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Flu Surveillance in the U.S.

Posted on January 9, 2020

Flu activity in the U.S. is tracked through collaborative efforts between the Centers for Disease Control and Prevention (CDC) and partners including public health and clinical laboratories, healthcare providers, state, local, and territorial health departments, clinics, emergency departments, and vital statistics offices. The following five systems are used to monitor flu activity in the United States and allow the CDC to answer the questions of where, when, and what flu viruses are circulating.  

1. Virologic Surveillance

Numerous laboratories across the U.S. collect respiratory samples from sick people throughout flu season to determine the number of people that test positive for influenza (flu). This information includes identifying which flu strains are circulating, which age groups are being affected, and where flu activity is occurring. These laboratories then report this information to the CDC on a weekly basis. 

2. Outpatient Illness Surveillance

CDC also tracks influenza-like illness (ILI) through a network of over 2,600 healthcare providers across the U.S. Each week, these providers report to CDC how many patients they saw with influenza-like illness, which is defined as someone having a fever and a cough and/or a sore throat that cannot be attributed to another type of illness. This information is broken down into ten regions, each of which consist of several U.S. states.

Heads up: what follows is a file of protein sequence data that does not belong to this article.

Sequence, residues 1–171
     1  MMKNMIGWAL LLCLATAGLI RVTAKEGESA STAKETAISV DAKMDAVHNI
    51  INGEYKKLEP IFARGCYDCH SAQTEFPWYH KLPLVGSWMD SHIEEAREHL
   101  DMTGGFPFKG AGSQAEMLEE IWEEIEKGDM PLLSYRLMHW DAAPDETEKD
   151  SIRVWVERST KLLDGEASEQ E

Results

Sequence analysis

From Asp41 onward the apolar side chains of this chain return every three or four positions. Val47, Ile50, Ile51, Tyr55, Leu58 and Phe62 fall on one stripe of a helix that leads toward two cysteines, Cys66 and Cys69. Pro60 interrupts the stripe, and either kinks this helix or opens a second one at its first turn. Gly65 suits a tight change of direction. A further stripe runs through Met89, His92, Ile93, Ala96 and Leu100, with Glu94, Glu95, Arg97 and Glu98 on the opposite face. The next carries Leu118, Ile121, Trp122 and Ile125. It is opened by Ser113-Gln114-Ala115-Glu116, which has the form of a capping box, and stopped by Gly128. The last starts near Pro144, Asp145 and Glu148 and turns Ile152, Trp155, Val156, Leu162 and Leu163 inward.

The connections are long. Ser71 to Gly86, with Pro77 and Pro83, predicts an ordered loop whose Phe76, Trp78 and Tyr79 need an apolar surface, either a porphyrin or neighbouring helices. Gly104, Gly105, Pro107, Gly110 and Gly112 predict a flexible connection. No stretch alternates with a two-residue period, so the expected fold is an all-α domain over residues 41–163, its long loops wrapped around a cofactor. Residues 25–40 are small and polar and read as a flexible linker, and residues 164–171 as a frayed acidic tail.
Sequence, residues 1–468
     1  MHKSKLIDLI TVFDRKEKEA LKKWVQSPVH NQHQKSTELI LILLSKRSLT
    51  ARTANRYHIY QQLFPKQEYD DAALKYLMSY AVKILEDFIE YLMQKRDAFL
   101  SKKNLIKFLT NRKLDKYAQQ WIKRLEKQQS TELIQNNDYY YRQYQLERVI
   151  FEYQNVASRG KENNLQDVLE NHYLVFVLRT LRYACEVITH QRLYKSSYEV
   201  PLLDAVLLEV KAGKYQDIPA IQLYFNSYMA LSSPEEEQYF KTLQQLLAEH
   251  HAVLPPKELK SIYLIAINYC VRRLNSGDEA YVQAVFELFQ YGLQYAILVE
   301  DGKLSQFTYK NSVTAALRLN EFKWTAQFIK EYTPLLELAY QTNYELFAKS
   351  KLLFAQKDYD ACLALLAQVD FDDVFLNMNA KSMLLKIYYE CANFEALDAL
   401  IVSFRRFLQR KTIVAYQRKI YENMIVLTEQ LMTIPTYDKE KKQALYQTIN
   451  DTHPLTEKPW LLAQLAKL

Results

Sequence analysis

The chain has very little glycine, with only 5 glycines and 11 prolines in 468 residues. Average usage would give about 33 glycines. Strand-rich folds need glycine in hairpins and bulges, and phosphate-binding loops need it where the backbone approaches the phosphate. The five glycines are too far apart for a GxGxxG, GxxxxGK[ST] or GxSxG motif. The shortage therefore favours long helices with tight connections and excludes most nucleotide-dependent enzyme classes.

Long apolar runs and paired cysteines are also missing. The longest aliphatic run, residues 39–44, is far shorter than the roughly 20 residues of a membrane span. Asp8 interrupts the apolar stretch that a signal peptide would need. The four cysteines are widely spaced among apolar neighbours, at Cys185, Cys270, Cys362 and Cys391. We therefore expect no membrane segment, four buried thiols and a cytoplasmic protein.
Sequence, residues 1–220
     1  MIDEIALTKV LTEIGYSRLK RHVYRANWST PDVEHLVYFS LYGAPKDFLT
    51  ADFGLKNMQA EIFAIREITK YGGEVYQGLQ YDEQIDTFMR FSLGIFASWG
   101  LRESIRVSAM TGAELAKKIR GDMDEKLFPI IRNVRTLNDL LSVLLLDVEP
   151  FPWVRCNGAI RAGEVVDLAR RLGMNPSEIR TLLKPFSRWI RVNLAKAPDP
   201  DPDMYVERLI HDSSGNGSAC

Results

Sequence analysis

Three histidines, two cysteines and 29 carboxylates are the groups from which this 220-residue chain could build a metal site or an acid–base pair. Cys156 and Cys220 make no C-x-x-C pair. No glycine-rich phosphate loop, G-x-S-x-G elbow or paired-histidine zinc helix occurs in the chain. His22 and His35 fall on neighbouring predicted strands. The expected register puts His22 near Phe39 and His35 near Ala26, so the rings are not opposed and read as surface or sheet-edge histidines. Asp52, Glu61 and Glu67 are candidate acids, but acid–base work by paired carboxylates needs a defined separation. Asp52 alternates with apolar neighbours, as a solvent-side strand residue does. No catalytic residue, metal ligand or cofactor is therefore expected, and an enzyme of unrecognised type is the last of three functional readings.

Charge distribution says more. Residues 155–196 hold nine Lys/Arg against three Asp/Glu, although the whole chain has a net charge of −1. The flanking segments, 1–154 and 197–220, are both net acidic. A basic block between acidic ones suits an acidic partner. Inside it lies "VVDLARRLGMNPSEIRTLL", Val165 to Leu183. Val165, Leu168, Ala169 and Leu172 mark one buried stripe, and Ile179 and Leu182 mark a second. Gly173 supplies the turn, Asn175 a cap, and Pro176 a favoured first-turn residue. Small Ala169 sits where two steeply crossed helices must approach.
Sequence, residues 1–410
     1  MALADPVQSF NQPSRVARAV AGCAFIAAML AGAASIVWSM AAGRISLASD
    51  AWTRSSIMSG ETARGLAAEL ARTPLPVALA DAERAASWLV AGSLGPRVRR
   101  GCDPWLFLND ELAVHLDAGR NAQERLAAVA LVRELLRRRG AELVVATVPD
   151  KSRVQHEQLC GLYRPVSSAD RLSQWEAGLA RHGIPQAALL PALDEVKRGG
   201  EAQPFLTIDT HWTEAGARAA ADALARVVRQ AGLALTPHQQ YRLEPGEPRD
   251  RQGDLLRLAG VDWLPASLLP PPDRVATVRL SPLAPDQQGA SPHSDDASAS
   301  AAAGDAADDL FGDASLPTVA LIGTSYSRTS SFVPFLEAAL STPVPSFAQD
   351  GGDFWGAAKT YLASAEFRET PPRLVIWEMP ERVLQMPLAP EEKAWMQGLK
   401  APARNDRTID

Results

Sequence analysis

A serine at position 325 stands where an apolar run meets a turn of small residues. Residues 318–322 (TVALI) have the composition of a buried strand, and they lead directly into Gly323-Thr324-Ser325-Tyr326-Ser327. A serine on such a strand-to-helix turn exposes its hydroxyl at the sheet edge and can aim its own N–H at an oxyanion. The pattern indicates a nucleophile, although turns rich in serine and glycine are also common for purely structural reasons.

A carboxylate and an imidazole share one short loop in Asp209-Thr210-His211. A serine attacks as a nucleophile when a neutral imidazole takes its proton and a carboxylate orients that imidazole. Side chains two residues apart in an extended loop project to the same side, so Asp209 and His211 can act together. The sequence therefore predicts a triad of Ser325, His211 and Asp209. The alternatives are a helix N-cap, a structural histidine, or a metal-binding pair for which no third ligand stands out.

3. Geographic Spread of Influenza

State and territorial health departments report to the CDC every week on how widespread flu activity is within each of their jurisdictions. These estimates do not measure the severity of flu activity. 

4. Hospitalization Surveillance

This surveillance network identifies and tracks laboratory-confirmed, flu-related hospitalizations in children and adults in numerous counties and states across the U.S. This information is used to estimate age-specific hospitalization rates on a weekly basis, which is then reported to the CDC. This information also identifies if the hospitalized individuals fall into any high-risk categories for flu (e.g., pregnant women, people with pre-existing health conditions).  

5. Mortality Surveillance

Vital statistics from each U.S. state are used to identify pneumonia and influenza (P&I) deaths. Every week, this information is used to calculate the percentage of total deaths that listed pneumonia and/or influenza as a cause of death. Flu-related deaths in children less than 18 years of age has been a nationally notifiable condition since 2004, meaning that these deaths must be reported to CDC and the child must have been tested for influenza using an appropriate laboratory diagnostic test. 

Where can I find this information?

Every week during flu season, data from these surveillance systems are uploaded to CDC’s FluView. For a more visual representation of these data that shows charts and graphs, you can visit FluView Interactive. 



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